[JURIST] King County Superior Court [official website] Judge Sharon Armstrong on Tuesday denied [opinion, PDF] a motion for preliminary injunction against Washington Attorney General Rob McKenna [official website] over his participation in a health care challenge. The motion brought by female citizens and the advocacy group Fuse Washington [advocacy website] alleged that McKenna violated his ethical duties as a lawyer when he submitted a brief to the US Supreme Court [official website] on the multistate lawsuit to overturn the individual mandate of the Patient Protection and Affordable Care Act (PPACA) [text, PDF; JURIST backgrounder]. The judge ruled that McKenna was acting in his capacity as attorney general when he brought suit in the US Supreme Court for the State of Washington and that he maintained his legal position throughout the litigation process based on his belief that his legal judgment will serve the best interest of the citizens of Washington. Armstrong further added:
Had Attorney General McKenna taken the formal legal position that only severability could protect the interests of the State of Washington and its citizens, and then filed contrary briefing in the federal courts, he would have violated his ethical duty to faithfully represent the interests of the State of Washington and its residents, would have improperly relinquished control over his role in the litigation to other attorneys general, and filed an erroneous brief to the US Supreme Court.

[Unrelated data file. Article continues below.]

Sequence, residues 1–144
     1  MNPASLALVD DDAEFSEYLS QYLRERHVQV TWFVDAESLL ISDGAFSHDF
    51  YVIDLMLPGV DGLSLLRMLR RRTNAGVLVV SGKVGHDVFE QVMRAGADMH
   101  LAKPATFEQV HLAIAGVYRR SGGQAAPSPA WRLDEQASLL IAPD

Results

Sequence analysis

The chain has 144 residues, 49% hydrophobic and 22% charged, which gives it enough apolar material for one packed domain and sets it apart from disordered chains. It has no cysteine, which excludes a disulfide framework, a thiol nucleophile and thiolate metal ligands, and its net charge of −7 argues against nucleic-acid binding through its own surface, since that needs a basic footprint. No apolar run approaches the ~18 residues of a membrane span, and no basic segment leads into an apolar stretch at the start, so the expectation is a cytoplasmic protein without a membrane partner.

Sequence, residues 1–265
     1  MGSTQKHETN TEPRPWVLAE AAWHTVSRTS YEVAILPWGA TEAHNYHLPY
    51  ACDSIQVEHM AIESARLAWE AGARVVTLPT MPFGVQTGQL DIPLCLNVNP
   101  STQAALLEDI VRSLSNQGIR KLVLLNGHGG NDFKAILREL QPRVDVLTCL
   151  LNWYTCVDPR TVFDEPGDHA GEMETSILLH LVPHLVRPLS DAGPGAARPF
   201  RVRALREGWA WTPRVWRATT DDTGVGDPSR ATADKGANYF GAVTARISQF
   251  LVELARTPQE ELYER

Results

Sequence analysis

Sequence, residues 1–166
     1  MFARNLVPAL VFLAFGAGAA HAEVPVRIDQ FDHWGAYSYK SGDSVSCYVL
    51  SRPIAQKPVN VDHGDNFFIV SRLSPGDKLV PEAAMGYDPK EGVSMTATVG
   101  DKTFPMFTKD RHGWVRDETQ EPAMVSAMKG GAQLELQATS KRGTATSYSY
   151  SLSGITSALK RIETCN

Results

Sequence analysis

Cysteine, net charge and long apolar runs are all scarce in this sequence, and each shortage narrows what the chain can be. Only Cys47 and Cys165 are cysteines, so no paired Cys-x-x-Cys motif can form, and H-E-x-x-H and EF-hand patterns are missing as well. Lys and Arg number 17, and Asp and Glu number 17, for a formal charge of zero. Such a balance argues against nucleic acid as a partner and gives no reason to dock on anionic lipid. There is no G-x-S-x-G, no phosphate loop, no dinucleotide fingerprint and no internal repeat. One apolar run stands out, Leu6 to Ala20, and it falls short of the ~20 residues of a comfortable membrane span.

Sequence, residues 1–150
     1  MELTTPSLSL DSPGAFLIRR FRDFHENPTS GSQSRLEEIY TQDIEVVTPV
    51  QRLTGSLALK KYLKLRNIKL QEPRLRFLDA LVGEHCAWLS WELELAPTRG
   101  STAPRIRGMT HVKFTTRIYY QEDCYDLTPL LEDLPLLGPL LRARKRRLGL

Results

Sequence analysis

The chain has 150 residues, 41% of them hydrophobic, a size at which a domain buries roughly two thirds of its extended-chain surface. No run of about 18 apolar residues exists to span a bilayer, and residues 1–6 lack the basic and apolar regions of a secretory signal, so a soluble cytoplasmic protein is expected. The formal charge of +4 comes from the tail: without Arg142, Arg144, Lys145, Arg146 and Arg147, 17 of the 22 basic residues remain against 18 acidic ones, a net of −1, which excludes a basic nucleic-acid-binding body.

The judge noted that the court lacks authority to second-guess what McKenna’s legal strategy is and that plaintiffs failed to establish that such strategy is arbitrary or capricious.
The lawsuit was initiated earlier this May when more than 90 women filed suit [JURIST report] against McKenna claiming that his opposition of the PPACA interfered with their full access to medical care. In March, the US Supreme Court heard the oral arguments [JURIST report] in the case of United States Department of Health and Human Services v. Florida [materials] challenging the PPACA. In January, 26 states submitted a brief [text, PDF] to the US Supreme Court challenging [JURIST report] the constitutionality of the expansion of Medicaid for the poor and disabled in the PPACA.